Dr. Ana Luchiari has baffled, poisoned, distressed, and terminated countless fish in the name of science.
Her test subjects in the Laboratory of Ornamental Fish of the Federal University of Rio Grande do Norte, Brazil—or “the Fish Lab” for short—might find themselves sleep-deprived, drunk, caffeinated, asphyxiated, or exposed to toxic coal byproducts and climate change-inspired temperature increases. “There’s no way to feel good doing all this,” the zoology and physiology Ph.D. tells DoubleBlind. “When I go to heaven, I am going to find all the fish I have killed waiting for me.”
Some of Dr. Luchiari’s experiments end badly for the fish, but some appear to relax them, including one experiment that involved dosing zebrafish with ayahuasca. She and her team run innovative experiments on Danio rerio, a small fresh water fish often found in aquariums. They helped establish them as an effective model for human behavior and physiology in the Global South. So how did these fishies end up in an ayahuasca study?
Small studies suggest the psychedelic brew derived from Banisteriopsis caapi vines and Psychotria viridis leaves may be able to treat treatment-resistant depression. Zebrafish trials make it cheap and safe to test the risks and rewards of substances like ayahuasca. Luchiari estimates it would cost 10 times as much to experiment on rats. Amid historic research budget cuts under leaders like Donald Trump and Brazilian President Jair Bolsonaro, this value frees scientists to take bold intellectual risks.
Zebrafish studies work thanks to a database built on four decades of research and special software called ZebTrack that researchers use to decode their subjects’ behavior. When zebrafish see a predator, they typically swim faster, float closer to the bottom of their tank, or freeze in place, so these behaviors are associated with fear and anxiety. Researchers use these data points to approximate how the fish feel in different situations.
Luchiari’s studies already indicate that low doses of ayahuasca reduce anxiety-like behavior, while high doses increase it. Traditional ayahuasca rituals often involve drinking the tea repeatedly, so Luchiari is studying how chronic exposure affects zebrafish. So far, it correlates to a negative impact on memory. She says ongoing research with zebrafish embryos could indicate the level of risk ayahuasca poses to pregnant people.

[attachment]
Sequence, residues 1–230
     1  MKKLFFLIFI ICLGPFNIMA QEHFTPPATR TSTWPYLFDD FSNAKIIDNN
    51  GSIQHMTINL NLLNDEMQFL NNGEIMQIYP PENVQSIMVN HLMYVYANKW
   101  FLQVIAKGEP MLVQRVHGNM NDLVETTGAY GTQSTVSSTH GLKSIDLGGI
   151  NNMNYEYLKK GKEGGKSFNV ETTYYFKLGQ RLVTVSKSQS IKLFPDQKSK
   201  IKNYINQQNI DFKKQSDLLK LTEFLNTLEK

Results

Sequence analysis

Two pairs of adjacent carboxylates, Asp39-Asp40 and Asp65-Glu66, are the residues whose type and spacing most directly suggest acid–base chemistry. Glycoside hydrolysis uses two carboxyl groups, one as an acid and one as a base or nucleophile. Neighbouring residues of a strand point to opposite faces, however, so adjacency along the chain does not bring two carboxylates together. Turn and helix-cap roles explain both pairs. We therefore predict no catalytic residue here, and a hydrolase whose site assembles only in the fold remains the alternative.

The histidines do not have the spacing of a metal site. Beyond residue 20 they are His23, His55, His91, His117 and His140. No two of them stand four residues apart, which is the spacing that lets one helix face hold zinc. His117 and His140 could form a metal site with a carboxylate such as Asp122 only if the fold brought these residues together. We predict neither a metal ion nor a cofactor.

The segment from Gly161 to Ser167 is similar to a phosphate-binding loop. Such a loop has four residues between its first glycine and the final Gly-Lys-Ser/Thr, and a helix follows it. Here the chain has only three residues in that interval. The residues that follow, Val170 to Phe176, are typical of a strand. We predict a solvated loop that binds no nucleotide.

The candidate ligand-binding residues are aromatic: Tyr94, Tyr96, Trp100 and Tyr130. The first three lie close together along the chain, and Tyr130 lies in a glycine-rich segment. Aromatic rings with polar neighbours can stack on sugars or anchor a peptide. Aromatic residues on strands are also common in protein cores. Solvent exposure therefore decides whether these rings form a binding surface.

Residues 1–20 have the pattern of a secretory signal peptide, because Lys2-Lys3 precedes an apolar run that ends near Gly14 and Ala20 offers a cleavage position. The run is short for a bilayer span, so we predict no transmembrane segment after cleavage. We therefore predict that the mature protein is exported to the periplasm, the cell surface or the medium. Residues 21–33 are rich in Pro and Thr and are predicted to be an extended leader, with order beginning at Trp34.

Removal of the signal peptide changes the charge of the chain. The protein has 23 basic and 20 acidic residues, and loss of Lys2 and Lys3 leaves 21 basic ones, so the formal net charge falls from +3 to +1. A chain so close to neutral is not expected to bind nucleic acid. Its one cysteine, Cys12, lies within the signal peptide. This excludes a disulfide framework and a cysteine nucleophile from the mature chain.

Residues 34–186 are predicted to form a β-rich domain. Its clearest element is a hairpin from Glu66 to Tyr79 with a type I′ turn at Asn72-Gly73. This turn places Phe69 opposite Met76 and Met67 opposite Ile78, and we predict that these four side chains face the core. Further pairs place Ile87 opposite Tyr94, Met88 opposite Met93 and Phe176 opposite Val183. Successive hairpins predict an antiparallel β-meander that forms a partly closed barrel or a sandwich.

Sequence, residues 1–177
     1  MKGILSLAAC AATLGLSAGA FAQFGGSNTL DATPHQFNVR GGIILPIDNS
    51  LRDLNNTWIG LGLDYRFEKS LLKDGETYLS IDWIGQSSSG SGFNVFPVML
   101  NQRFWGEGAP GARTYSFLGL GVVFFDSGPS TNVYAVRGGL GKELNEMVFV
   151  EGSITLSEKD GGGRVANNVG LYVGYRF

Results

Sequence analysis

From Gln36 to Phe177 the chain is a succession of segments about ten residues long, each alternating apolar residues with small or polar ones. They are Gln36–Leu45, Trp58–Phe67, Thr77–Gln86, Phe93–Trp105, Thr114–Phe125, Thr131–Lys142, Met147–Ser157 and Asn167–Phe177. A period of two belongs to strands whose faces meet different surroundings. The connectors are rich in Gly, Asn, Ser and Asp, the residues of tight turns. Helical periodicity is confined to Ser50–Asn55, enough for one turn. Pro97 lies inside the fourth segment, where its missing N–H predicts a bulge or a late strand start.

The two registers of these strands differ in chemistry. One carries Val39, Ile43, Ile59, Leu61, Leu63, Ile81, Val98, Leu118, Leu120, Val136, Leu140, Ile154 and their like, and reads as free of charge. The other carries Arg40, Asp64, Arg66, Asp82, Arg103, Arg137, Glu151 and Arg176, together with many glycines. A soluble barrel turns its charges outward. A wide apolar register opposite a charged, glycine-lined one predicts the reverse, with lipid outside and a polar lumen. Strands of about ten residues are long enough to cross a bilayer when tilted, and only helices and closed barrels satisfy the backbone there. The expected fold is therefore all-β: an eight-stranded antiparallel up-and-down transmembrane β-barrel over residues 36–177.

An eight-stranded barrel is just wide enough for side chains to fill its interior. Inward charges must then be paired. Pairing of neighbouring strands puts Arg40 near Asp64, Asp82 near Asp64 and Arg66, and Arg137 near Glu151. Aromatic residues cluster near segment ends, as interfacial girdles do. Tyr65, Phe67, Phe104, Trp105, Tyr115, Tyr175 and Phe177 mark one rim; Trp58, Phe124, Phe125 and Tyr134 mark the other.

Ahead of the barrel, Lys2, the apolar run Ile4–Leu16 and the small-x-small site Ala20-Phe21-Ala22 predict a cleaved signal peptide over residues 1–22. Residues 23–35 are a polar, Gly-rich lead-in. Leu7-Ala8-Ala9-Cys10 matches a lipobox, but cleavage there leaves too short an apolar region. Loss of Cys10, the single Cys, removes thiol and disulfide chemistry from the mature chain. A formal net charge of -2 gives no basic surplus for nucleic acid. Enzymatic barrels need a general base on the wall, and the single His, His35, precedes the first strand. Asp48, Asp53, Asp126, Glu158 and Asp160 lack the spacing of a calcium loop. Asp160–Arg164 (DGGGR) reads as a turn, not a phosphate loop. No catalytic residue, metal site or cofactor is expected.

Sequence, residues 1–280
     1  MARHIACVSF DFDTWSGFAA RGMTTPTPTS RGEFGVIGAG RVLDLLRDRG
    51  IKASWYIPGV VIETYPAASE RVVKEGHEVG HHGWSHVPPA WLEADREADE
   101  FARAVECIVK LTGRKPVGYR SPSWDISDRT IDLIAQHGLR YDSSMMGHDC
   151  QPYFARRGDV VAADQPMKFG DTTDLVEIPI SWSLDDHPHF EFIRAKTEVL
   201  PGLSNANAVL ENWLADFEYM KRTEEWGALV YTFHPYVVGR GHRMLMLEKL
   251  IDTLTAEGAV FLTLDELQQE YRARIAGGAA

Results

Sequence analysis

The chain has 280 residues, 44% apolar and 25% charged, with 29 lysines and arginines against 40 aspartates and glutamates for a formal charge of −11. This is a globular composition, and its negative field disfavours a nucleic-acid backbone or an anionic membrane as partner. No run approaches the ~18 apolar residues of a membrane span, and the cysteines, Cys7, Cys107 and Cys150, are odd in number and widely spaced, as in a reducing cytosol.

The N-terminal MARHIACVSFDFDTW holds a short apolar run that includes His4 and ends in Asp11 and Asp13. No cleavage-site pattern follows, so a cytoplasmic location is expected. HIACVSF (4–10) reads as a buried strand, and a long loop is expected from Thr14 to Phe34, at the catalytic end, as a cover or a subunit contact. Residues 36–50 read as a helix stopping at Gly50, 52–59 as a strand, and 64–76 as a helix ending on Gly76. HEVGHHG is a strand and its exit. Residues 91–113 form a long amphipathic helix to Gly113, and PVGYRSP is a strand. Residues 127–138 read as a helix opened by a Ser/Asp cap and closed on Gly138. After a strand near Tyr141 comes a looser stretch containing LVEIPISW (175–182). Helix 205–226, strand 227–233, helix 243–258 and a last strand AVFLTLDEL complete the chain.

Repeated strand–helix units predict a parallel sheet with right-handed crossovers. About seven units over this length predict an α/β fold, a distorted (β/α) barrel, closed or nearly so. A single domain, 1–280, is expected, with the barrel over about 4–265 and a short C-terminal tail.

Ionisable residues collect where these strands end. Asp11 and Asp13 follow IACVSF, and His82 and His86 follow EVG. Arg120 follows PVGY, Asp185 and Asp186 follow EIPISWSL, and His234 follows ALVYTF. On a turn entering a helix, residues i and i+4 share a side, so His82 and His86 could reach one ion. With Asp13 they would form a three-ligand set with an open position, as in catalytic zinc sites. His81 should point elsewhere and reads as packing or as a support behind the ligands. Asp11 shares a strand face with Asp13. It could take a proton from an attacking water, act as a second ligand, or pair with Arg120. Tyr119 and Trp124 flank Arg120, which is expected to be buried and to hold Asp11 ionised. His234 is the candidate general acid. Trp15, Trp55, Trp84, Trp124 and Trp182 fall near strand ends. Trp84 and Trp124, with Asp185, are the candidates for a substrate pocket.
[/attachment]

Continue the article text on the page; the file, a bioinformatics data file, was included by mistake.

Luchiari predicts ayahuasca will be available as a pill at drugstores within 15 years. The Fish Lab’s findings will be part of the foundation of safety protocols doctors will use to recommend safe treatments.
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However, the Fish Lab’s research has limitations. Shamanic practices center spiritual growth, but this area may be impossible to study in fish. “The fish do not have any spiritual experiences,” says Luchiari.
Today, access to ayahuasca is locked behind a paywall of expensive retreats that require travel or underground ceremonies that can be risky if you don’t know the right questions to ask. Grifters are already taking advantage of curandero culture, and Shipibo shaman Guillermo Arrévalo warns against “false shamans” who mix dangerous toxins with the traditional brew. Psychedelics like ayahuasca are projected to grow to a $6.85 billion industry by 2027, so there’s a public interest in mitigating these safety risks.
Institutions like Luchiari’s Fish Lab will determine how psychedelic plant medicines become available as they spread beyond the Indigenous communities who have used them since time immemorial.
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